The PVN helps maintain homeostasis — balance — in an organism. This includes regulating food intake, heart rate, and blood pressure. This region also controls yawning and stretching, which, as we mentioned, might indicate that it has an important homeostatic role.

The author of the review thinks it might have something to do with the extracellular matrix (ECM). The ECM is a kind of living glue that holds your tissues together. It provides structure and support for our body, and it’s constantly remodelling and reforming itself.

The writers argue that to do this accurately and maintain all the functions our body needs, it has to be stressed in the right ways.

For instance, collagen fibres, which are important structurally, can stick together automatically and at random. This means that if you’re not moving your body, they might stick together in ways that are unhelpful.

Basically, if you don’t do a certain motion, the ECM will slowly deform so that you can no longer carry out that movement even if you want to. They write: 

“Pandiculation, with its specific and vigorous muscle activity, might be a means to compensate for the mechanical signals delivered by rest periods and sub-optimal movements.”

So, after long periods of inactivity, a good stretch might help maintain the ECM.

Mechanical forces and the ECM

Cells communicate through chemicals, and via the blood, nerves, and lymph, they can send messages to distant parts of our body.

But there’s more to the function of a cell than chemistry. Cells’ functions can also be distorted or enhanced by mechanical pressures. Physical forces on cells can change their shape. And their shape defines how they work.

For instance, mechanical forces influence the cell’s cytoskeleton — a scaffold of proteins that define its shape. Another good example is bone: physical tension turns on genes responsible for bone growth.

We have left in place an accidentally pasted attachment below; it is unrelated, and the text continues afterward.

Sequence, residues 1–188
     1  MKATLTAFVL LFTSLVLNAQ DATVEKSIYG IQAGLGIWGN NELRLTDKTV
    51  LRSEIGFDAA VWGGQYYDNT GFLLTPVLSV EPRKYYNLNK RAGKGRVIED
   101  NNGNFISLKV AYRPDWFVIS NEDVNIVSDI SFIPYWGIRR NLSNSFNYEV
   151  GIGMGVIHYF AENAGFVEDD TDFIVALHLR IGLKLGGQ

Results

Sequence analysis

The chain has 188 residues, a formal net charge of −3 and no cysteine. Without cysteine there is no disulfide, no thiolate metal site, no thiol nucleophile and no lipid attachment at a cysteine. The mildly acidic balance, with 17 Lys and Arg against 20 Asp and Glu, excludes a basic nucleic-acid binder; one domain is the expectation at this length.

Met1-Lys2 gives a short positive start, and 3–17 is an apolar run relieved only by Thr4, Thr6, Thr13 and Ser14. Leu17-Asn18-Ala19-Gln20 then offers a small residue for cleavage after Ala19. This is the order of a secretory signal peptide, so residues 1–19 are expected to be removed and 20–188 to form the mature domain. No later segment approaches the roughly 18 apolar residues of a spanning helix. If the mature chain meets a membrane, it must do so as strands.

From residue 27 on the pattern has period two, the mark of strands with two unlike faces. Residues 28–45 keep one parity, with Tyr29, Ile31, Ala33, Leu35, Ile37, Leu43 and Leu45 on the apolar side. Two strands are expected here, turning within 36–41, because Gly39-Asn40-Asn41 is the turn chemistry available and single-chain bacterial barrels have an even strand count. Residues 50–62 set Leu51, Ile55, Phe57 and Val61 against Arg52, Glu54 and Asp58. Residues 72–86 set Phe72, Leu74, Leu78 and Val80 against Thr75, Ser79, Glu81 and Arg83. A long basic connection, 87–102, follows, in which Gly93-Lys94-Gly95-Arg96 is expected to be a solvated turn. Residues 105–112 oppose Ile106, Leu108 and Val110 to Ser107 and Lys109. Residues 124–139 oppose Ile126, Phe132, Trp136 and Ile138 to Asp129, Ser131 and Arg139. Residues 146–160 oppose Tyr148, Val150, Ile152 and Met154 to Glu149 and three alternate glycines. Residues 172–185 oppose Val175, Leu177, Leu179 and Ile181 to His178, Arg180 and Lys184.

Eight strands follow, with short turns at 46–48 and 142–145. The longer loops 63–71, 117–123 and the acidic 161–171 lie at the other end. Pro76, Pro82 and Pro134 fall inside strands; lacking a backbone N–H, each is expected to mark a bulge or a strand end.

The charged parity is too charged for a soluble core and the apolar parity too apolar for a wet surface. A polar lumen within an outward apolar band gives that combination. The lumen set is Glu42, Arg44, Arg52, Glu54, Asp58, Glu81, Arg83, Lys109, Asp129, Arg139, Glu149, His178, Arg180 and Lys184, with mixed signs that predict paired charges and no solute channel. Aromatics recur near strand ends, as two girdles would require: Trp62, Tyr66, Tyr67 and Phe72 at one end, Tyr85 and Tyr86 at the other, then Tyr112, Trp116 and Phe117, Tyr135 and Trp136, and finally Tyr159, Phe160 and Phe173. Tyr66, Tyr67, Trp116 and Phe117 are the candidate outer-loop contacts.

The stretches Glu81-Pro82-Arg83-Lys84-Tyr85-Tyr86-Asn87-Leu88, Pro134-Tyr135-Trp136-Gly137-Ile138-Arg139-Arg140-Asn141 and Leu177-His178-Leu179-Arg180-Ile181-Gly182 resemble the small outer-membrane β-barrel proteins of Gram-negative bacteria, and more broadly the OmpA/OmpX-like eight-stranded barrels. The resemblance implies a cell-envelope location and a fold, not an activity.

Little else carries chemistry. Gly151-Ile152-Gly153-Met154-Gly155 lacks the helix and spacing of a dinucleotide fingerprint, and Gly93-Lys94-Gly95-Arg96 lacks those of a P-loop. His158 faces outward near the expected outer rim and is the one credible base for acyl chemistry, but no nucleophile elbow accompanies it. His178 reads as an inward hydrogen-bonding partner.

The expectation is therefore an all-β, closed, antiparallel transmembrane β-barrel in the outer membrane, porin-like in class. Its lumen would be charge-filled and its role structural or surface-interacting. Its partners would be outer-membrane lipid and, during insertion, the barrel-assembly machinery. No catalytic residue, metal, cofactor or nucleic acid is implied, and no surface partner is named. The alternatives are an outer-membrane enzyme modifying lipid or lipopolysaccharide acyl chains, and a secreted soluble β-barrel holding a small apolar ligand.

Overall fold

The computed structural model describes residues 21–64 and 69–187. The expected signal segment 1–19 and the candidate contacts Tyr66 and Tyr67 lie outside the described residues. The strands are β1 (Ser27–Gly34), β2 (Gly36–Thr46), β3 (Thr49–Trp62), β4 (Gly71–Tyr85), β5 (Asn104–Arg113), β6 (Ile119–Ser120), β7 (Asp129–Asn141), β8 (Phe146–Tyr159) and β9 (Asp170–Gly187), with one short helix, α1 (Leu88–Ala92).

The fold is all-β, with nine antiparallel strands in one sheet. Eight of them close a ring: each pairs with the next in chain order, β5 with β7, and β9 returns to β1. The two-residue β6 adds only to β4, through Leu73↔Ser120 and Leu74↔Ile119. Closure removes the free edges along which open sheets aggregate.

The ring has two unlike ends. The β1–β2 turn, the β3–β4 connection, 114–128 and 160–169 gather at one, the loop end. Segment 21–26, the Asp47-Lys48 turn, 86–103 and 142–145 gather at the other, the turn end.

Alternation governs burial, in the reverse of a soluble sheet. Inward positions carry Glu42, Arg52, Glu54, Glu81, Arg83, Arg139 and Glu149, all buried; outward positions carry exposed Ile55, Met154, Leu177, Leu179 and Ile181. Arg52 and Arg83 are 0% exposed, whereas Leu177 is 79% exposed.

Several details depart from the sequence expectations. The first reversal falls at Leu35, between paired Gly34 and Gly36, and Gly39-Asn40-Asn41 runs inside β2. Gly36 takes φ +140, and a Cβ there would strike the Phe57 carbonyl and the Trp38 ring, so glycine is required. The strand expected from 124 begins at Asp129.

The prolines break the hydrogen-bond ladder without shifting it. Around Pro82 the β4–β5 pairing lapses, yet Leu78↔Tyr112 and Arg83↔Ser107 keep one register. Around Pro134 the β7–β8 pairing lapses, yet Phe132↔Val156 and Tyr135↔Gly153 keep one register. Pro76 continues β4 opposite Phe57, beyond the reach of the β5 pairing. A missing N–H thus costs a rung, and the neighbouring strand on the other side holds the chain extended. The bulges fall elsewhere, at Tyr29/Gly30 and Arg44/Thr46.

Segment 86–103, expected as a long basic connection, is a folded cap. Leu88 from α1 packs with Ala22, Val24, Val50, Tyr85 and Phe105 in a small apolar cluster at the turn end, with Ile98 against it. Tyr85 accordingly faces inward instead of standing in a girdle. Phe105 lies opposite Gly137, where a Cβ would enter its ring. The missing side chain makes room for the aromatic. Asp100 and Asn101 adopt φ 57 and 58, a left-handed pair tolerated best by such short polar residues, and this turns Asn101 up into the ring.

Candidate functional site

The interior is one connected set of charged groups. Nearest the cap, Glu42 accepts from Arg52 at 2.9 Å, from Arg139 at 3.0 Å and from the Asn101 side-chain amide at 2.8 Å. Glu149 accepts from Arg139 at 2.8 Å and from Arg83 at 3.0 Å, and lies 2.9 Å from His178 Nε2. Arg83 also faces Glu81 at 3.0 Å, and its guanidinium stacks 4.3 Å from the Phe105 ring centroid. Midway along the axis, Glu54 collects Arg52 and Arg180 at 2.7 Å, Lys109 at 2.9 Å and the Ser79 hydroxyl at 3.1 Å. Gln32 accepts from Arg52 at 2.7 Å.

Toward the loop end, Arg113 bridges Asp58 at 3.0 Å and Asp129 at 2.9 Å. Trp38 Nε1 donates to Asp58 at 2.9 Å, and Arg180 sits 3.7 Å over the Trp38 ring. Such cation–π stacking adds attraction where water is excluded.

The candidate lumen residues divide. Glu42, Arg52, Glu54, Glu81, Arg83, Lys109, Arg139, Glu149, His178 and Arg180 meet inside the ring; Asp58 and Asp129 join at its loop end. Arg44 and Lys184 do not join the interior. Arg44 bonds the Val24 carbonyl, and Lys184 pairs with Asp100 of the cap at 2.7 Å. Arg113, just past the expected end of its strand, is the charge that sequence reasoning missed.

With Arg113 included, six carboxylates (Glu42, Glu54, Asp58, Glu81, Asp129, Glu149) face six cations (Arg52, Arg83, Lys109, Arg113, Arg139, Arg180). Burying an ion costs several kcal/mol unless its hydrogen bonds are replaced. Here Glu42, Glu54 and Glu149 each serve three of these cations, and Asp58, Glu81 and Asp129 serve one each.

As mentioned before, the ECM binds much of our tissues together. Mechanical forces, once again, help mould its shape and form. And because cells are nestled within or around the ECM, this can influence the shape and form of the whole animal.

The author of the review write:

“In pandiculation, the intense mechanical stimuli produced by forceful co-contraction of antagonist muscle groups might serve as appropriate organizing signals to the cells and tissues by re-optimizing the mechanical conditions of their environment.”

So, stretching may help break abnormal ECM cross-links that build up throughout our bodies during times of inactivity. 

Frustration and final thoughts

It’s a shame to end the article on this cliffhanger, but that’s all we have. Whatever the reason(s) behind yawning and stretching, the fact that we share this trait with much of the animal kingdom is quite wonderful. 

Before we close this off, I’d like to mention another theory from the author of the review where much of this information came from.

He notes that human adults yawn and stretch much less than adult primates. Culturally, yawning and stretching are frowned upon, especially during conversation.

So, thanks to cultural conditioning, humans often suppress the urge. “Given the likely homeostatic function of SYS,” the author explains, “any such inhibition might contribute to the high incidence of human musculoskeletal disorders.”

Although I think that might be a bit of a stretch (pun intended), next time you’re in a fatally dull business meeting, don’t suppress the urge to pandiculate. If your boss doesn’t like it, explain you are simply protecting the integrity of your ECM and forward them this article.